Black Garden Ant

Black garden ant
Classification
Species category: Ant
Scientific Name: Lasius niger
Family: Formicidae

Description
One of the most common species of ants across the world, different members of the colony will have a slightly different appearance. Workers are dark brown-black and reach 3-5mm in length. The queens are mid brown and much larger; they can reach 15mm long.

The queen is characterised by 2 pairs of wings which are fore and hind wings hooked together. Once mated, she removes the wings and eats them for nutrition over the winter months.

Behaviour
Black ants have defined roles within their colony. Each nest has one queen (monogenic).
The worker ants (sterile females), build the nest, look after larvae, and forage for food.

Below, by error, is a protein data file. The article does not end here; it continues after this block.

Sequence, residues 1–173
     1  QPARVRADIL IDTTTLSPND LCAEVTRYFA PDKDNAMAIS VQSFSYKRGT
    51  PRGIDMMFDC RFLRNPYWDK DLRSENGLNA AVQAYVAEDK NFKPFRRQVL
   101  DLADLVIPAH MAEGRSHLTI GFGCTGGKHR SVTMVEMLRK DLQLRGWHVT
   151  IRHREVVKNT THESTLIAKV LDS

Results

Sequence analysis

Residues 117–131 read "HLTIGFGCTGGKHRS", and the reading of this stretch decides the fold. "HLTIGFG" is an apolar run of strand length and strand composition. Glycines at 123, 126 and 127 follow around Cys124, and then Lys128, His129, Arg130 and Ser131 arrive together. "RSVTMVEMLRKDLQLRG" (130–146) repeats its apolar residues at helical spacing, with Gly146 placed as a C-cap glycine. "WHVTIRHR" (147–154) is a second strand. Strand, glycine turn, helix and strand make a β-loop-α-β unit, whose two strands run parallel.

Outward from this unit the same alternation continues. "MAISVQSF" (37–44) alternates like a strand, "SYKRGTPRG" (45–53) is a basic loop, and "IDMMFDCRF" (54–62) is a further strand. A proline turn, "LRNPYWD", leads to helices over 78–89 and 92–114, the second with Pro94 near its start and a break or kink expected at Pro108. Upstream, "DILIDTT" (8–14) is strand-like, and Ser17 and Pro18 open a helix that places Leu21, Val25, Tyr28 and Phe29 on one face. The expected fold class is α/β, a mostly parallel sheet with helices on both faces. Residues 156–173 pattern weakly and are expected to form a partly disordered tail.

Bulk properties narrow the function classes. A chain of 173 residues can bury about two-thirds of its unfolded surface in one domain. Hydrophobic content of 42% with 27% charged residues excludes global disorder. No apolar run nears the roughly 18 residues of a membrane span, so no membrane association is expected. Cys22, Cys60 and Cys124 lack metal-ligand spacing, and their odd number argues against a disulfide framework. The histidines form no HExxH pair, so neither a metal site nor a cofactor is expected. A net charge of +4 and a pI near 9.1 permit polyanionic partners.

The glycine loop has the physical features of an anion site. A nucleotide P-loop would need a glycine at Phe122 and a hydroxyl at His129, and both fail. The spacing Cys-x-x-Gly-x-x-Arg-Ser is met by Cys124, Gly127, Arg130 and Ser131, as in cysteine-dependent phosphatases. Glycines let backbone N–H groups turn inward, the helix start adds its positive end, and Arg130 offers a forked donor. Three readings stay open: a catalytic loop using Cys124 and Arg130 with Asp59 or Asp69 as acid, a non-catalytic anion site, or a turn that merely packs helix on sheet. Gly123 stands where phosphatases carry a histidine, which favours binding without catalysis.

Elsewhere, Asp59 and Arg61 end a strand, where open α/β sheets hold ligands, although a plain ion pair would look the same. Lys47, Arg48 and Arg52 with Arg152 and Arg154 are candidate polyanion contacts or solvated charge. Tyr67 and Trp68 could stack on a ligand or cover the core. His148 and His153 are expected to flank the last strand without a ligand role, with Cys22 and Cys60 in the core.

The queens (fertile females) remain mainly in the nest, mating with fertile males.

Before mating, the ants take to the sky. Winged reproductive males and females are involved in a mass flight. The males die after mating, but the females shed their wings and burrow in the ground where they overwinter.

Any worker ants that exhibit unusual behaviour are expelled from nest or killed.

Region
Widespread across South East Asia.

Habitat
Generally, nests are located outdoors; they can be built in soil, hollowed trees, found in grasses or under paving slabs, behind fascias or any building voids. Foraging workers enter houses regularly in search of food, preferably sweet foods.

Risks
Once inside and around buildings, they can cause various types of damages. Black Ants enjoy the sweet secretions of aphids and protect the aphid population. In doing so, they allow the aphids to further damage the plants they inhabit.

These ants can cause structural damage by shifting the foundation sand and create uneven patches and even holes in turf by moving soil underneath.